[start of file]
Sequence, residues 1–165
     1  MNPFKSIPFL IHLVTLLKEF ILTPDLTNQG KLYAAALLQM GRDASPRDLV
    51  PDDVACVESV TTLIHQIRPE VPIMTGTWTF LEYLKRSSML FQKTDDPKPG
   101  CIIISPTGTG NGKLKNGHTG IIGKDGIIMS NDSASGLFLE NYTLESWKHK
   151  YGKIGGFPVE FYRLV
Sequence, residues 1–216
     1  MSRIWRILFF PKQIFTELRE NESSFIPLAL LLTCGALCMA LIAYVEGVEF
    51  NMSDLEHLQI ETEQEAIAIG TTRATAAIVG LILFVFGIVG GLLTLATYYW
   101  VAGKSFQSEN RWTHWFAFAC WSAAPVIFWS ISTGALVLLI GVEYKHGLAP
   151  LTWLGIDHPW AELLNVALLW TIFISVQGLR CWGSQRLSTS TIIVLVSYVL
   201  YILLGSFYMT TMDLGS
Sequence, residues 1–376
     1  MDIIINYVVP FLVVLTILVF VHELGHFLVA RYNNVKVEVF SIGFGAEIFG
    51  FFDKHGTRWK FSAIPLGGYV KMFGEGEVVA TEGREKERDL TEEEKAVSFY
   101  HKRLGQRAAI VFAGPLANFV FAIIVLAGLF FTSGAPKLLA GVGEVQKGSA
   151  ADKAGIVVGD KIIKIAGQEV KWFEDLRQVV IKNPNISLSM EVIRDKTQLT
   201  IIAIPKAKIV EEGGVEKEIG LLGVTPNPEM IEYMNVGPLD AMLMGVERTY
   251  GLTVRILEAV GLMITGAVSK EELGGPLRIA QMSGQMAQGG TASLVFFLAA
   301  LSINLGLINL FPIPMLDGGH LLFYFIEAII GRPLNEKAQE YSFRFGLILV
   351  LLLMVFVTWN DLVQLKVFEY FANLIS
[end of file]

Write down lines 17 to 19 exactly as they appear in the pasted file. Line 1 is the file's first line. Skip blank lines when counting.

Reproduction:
   201  IIAIPKAKIV EEGGVEKEIG LLGVTPNPEM IEYMNVGPLD AMLMGVERTY
   251  GLTVRILEAV GLMITGAVSK EELGGPLRIA QMSGQMAQGG TASLVFFLAA
   301  LSINLGLINL FPIPMLDGGH LLFYFIEAII GRPLNEKAQE YSFRFGLILV